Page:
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Earlier in the evening (Prom 5) we heard the world première of three fifths of Substratum by the young British composer Sam Hayden, an impressively steely-willed orchestral work unfolding swelling Birtwistlesque climactic waves sprinkled with delicate instrumental solos, contrasted by intriguing deep-layered doublings and denser Boulezian textures. Though completed some six months prior to the concert, pressures on the BBC forestalled the required rehearsal, and thus the première of the entire work has had to be postponed to the BBC Symphony Orchestra's 2008-9 season, late next year, a date which, from the evidence of the compelling weightiness and energy of the work, promises to be well worth the wait. Though not of the same level of 'difficulty', a sense of meditation on the inner psychic turmoil was also reflected in Leonard Bernstein's Symphony No 2, Age of Anxiety, inspired by W H Auden's poem of that title and thus in keeping with one of the Proms themes this year -- Auden's Centenary.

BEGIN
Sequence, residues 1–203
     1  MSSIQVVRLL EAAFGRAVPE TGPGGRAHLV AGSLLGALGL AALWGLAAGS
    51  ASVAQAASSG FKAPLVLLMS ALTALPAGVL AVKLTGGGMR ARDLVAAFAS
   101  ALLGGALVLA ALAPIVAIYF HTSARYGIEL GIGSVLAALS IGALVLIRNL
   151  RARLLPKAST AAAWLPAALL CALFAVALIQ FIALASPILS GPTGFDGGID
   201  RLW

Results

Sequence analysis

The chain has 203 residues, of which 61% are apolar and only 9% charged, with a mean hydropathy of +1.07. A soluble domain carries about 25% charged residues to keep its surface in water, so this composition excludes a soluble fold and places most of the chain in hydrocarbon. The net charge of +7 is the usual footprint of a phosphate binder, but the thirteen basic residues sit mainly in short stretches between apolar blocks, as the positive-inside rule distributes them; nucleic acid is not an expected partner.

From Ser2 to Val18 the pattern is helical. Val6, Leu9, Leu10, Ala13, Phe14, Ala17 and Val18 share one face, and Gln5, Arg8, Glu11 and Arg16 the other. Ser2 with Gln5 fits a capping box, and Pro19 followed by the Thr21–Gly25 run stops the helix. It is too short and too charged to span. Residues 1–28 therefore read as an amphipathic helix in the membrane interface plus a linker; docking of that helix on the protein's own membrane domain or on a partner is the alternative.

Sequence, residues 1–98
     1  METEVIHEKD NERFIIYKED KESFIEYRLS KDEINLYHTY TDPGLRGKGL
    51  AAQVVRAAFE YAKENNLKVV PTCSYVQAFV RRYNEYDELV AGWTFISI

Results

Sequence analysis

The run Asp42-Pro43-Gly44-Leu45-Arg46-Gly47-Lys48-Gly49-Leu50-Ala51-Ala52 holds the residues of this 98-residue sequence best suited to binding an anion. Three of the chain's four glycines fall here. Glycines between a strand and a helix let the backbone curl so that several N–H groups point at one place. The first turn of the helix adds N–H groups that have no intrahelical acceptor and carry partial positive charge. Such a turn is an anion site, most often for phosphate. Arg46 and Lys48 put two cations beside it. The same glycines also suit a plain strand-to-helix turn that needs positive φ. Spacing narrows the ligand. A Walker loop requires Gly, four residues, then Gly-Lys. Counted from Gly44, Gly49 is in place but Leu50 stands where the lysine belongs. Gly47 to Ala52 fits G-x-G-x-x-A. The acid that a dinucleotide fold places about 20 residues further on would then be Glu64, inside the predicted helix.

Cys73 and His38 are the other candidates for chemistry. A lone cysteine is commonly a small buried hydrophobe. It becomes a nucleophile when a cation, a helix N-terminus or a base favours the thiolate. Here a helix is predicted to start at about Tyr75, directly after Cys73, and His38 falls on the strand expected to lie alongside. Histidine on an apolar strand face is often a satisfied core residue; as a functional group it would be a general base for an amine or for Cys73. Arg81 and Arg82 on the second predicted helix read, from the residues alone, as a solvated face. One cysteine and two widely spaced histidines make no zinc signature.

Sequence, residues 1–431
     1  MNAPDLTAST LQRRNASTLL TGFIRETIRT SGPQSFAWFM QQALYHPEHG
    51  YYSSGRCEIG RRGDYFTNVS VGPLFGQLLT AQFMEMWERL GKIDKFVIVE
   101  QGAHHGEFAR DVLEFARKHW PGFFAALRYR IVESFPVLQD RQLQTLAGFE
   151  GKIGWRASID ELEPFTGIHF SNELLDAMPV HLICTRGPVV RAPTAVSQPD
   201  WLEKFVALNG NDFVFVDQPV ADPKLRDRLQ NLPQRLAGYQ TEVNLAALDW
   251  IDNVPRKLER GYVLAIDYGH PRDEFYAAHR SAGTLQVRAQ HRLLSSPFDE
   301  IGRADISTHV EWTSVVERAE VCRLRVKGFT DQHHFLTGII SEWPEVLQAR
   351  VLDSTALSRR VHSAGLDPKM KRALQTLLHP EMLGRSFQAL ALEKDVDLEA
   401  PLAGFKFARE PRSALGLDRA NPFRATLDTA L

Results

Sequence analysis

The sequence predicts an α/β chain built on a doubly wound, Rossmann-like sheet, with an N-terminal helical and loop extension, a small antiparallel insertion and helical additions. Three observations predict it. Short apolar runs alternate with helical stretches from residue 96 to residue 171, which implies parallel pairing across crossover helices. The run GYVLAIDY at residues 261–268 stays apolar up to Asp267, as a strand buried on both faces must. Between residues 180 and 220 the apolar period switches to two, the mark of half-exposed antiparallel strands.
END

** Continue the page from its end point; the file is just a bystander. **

The symphony is a Piano Concerto of sorts, and here the soloist was the heavily pregnant, yet fully in command, Orli Shaham, sister of the outstanding violinist Gil Shaham. Her musicianship shone through this delicate and at times wittily jazzy score. Its six sections add up to an emotional journey that is unique, the pianist soloist intended as an autobiographical role, clearly differentiated from the orchestra. David Robertson danced balletically, recalling Lenny himself. Orli Shaham made much of the introspective beauty of the lyrical gestures in the Prologue and first two main sections, 'The Seven Ages' and 'The Seven Stages', displaying great technical assurance in the Tchaikovsky first piano concerto-like dialogues with orchestra. She delved into the lower depths in the fourth section, 'The Dirge', in which brass and later piano intone variants of the 'Dies Irae' with intensity. If much of the linear two part writing has a Prokofievian lucidity to it, Bernstein is perhaps at most personal and original in the piquant jazzy fifth movement which builds to a climax only to be brought back to earth in the Epilogue, which, retrieving its initial mood, yet transforms it into one of optimism.

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Copyright © 25 July 2007 Malcolm Miller, London UK

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